Steve’s Columns

On What is Truly Natural

I recently read an on-line news article (8 Jan, Fox News) about Bo Derek (1980’s super model) and John Corbet (Sex and the City) who revealed the secret of their lasting relationship. They have been together now for 15 years – a long time by Hollywood standards.   Bo explains that they travel apart frequently yet still find time to be home together, “where the romance is”. John says that they make each other laugh, they hold hands, and have weekly barbecues with friends. They are not married. The article relates that “the couple insisted they don’t need rings to prove …

A Tribute to Tristan

On the day before New Year’s Day I was asked by a friend to accompany her to the vet to euthanize her pet of fifteen years.  She had been caring diligently and humanely for her cat Tristan over the last year who appeared to have cancer and a neurological illness.  A second professional opinion had concluded that to prevent further suffering it would be best to put Tristan to sleep, and so it was done very regretfully, but mercifully. My friend asked me why we are allowed as Catholics to “put down” terminal animals but not humans close to death.  …

Of Delightfulness

“Now therefore, O kings, be wise, be warned, O rulers of the earth. Serve the Lord with fear, with trembling… lest he be angry and you perish in the way” (Ps 2:10-11).   I concluded last week’s column with a quotation from the Book of Psalms that the “fear of the Lord is the beginning of wisdom” (Ps 111:10). The fear of the Lord is often portrayed wrongly as a fire-and-brimstone mentality which seeks to frighten the populace into belief. However, Catholic doctrine teaches that the fear of the Lord is a gift of the Holy Spirit (Is 11:2) and …

On Speaking of God

   A few weeks ago a hostile media sowed mischief with Pope Francis’ suggestion that the Church change its translation of that part of the Lord’s Prayer which states “lead us not into temptation”. The Pope said during an interview that he preferred a new translation adopted by the Church in France which went into effect on the first Sunday in Advent.  The French bishops approved a change amounting to “do not let us fall into temptation”.  The Pope agreed with this change noting that “It’s me that falls. It’s not Him who pushes me…” thus emphasizing that it is …

The Risk of Innocence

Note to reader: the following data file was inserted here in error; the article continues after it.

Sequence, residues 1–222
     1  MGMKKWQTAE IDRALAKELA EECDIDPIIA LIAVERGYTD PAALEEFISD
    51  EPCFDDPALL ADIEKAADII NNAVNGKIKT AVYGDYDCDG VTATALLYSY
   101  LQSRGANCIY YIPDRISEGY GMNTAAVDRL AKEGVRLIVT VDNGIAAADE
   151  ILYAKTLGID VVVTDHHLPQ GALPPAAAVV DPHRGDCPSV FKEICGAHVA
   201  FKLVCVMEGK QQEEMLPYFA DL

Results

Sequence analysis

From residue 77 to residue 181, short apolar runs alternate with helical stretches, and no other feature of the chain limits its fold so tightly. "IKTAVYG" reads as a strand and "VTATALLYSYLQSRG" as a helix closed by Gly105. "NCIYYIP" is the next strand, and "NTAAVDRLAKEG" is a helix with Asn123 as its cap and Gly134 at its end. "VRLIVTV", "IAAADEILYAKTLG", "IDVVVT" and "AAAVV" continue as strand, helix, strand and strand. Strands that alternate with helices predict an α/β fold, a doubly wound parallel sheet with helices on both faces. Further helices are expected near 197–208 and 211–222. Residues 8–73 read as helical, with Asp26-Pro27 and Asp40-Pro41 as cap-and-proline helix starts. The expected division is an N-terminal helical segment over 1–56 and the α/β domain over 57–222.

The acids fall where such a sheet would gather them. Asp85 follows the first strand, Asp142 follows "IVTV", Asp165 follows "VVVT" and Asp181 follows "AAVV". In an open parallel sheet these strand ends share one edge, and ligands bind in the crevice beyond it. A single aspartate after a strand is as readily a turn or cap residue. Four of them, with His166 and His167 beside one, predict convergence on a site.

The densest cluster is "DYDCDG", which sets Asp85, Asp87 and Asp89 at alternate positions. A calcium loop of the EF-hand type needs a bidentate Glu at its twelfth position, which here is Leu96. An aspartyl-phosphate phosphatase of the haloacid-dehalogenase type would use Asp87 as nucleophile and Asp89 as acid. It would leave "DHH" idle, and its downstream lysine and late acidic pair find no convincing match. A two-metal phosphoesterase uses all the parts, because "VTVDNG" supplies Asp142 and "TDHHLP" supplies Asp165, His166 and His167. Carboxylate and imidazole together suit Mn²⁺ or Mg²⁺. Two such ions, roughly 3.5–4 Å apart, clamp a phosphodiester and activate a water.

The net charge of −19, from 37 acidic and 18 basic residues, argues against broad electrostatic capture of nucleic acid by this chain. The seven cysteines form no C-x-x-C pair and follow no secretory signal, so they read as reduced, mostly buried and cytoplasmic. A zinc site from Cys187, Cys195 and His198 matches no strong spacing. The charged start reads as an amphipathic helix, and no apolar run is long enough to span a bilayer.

You have probably seen the bumper sticker that reads “Grace Happens”. I always thought this an odd phrase because grace is purposeful, while anything that just happens is not. Thus, I thought I would investigate the story behind this bumper sticker since the arrival of grace is the theme of our Christmas chronicle. I visited the bumper sticker website and read a nine page story of its origin.  What “Grace Happens” signifies is the experience of “all the unexpected good things that happen just when you need them to happen…”  For example, you buy a car with a broken radio …

Of Counter Questions

I try my best to keep the weekly pieces I write for our bulletin cover artwork separate from this column for the purpose of variety.  However, when one fills one’s goblet with Mary’s esteemed Magnificat the cup must be allowed to overflow where it will. So… it happened a few Saturdays ago. After leaving a talk at a local parish on Carmelite spirituality I saw two Jehovah Witnesses standing across the street from the church with a portable display of brochures. They were targeting Hispanic individuals walking by (since the church sits in a Hispanic neighborhood). I walked by this …

On Dwelling Near

Every time I drive by the church building which was once Saint Kilian Parish of New Bedford, I want to make the sign of the cross; but I don’t.  I know that the Holy Eucharist was removed from the church sanctuary and that the people were moved to St. Anthony of Padua. So when I drive by St. Kilian I now simply bow my head in honor of its memory and the memory I have of it, particularly of how it brought a dear friend of mine into the Church – because she dwelt near to it. She, like most …

On Going Underground (Or Secluded Prayer)

In our meditation last week on the Carmelite spirituality of St. John Paul II, I made mention of the plight of the Polish people under the Nazi occupation during World War II.  In particular I wrote about how the outward observance of the Polish culture was utterly suppressed. However, the inward heart of Poland continued to pump in secrecy, as did the circulatory life of the Church. At this time Karol Wojtyla (young John Paul) was being counseled by Polish Cardinal Adam Sapicha to pursue the diocesan priesthood rather than a Carmelite vocation.  The cardinal no doubt saw in Karol …

Of Illumination

During the Nazi occupation of Poland, Karol Wojtyla (St. John Paul II) attended a parish run by the Salesians.  Many of the Salesian priests he came to know were deported to concentration camps.  This had no small effect on him.  In a young man such as Karol the example of priestly submission to suffering only drove him deeper into spirituality.  As the priests were taken away to Nazi persecution, Karol came under the spiritual tutelage of a Polish lay mystic, Jan Tyranowski, who directed the 20 year old Karol to Carmelite spirituality. The Carmelite Order began with a community of …

Of Preservation

After graduating high school Karol Wojtyla (young St. John Paul II) moved to Krakow with his father.  This move allowed him to expand his theatrical interests and to attend university where he studied Polish philology which is the study of the origin, history, and spirit of the oral and written language of Poland.  Philology means literally “love of the word”.  Thus Karol’s study reflected the track of his spirituality forming him as a steward of the time-honored word of man and the most holy Word of God. However, just one year later, Nazi Germany invaded and occupied Poland making it …